Stalemate breaks; deal reached for 6th runway at O'Hare

After years of stalemate, Chicago has reached an agreement with airlines on building a sixth parallel runway at O'Hare International Airport but the announcement of the deal contains no mention of a planned runway extension or western terminal.

Building the airport's last parallel runway handling east-west traffic will cost $648.5 million and is part of a $1.3 billion package that includes a new de-icing facility and new taxiways connecting the north and south airfields, officials announced Saturday.

But the original O'Hare modernization plan approved by the Federal Aviation Administration also involved extending Runway 9-Right/27-Left, on the north airfield. The hope was that it and the sixth runway, 9-Center/27-Center, also on the north side, would balance out the din of jets roaring over neighborhoods.

The runway will be completed in 2020, which is "great news," Bensenville Mayor Frank Soto said. "It gives us more options for a (flight) rotation program. It gives us more relief."

While the extension was not mentioned in the city's announcement, "it's still part of the plans," airport spokesman Owen Kilmer said.

Those projects and another runway on O'Hare's southern tip (10-Right/28-Left) should have wrapped up in 2013, but a dispute about costs between Chicago and United Airlines and American Airlines, who have say over financing, threw plans into limbo.

The south runway was completed in 2013 and proved the tipping point for the airport to shift from diagonal runways to a parallel east-west arrival and departure system that's raising a ruckus over noise with thousands of affected residents, although the city has stressed the change increases safety.

Suburbs such as Bensenville have warned that without the runway extension, the south airfield - home to two of the longest runways - will continue to bear the brunt of larger, noisier jets.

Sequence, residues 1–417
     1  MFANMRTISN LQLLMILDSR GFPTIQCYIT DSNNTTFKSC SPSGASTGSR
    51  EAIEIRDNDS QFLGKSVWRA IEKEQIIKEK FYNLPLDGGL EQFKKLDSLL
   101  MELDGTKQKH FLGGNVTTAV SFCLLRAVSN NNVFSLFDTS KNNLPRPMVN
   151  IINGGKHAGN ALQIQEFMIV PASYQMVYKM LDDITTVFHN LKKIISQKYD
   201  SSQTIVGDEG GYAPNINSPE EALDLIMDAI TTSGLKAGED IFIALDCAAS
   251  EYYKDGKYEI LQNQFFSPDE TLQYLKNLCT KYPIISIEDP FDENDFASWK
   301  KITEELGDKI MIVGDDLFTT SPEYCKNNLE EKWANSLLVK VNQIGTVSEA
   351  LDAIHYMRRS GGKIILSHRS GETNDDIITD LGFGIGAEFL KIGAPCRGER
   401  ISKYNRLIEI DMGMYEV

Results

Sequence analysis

Soto said Bensenville will continue to push for full build out of the airport, which will provide more comprehensive noise relief.

O'Hare spokesman Kilmer said the city would "continue to pursue infrastructure projects to maintain and improve the airfield, but the immediate focus will be on what is best for the city and the passengers who rely on O'Hare on a daily basis.

"(Runway) 9-Center unlocks potential on the airfield for even further development."

The new runway will be O'Hare's second longest one at 11,245 feet.

The agreement involved American and United Airlines and the Federal Aviation Administration.

Chicago officials announced that the city is planning to carry out sound insulation for "eligible homes and schools" before the runway opens but gave no further details.

The new de-icing facility and taxiways are both intended to get planes to gates faster. Mayor Rahm Emanuel said the city intends to add more gates, improve the existing terminals and build another hotel on the airfield. No information was given on where the extra gates will go.

The city's announcement Saturday included the promise that it would create "a mode of western access to O'Hare," but gave no specifics.

Chicago and the Illinois Tollway are at odds over the city's request for $190 million for a 300 foot strip of land on the west side of O'Hare for a bypass around the airport linking the extension of the Elgin-O'Hare Expressway with the Tri-State Tollway to the south and Jane Addams Tollway to the north.

It's part of a long desired plan by DuPage County to have western access into O'Hare with a terminal and a people mover to take travelers to the rest of the airport.

Meanwhile, Colleen Mulcrone of the Fair Allocation for Runways group (FAIR), which wants the city to keep two diagonal runways in play, said the push for the parallel system negates a meeting last week with Emanuel who "is more concerned about contracts and money than communities and people.

"Eliminating the diagonal runways concentrates the visual, noise, and air pollution, and all the attendant negative health effects, in that one narrow corridor," she said.

And while Itasca Mayor Jeff Pruyn welcomed the runway, saying his village is getting "slammed" with noise, he also noted the city is "building it to increase capacity, they're not building a runway to shift flights."

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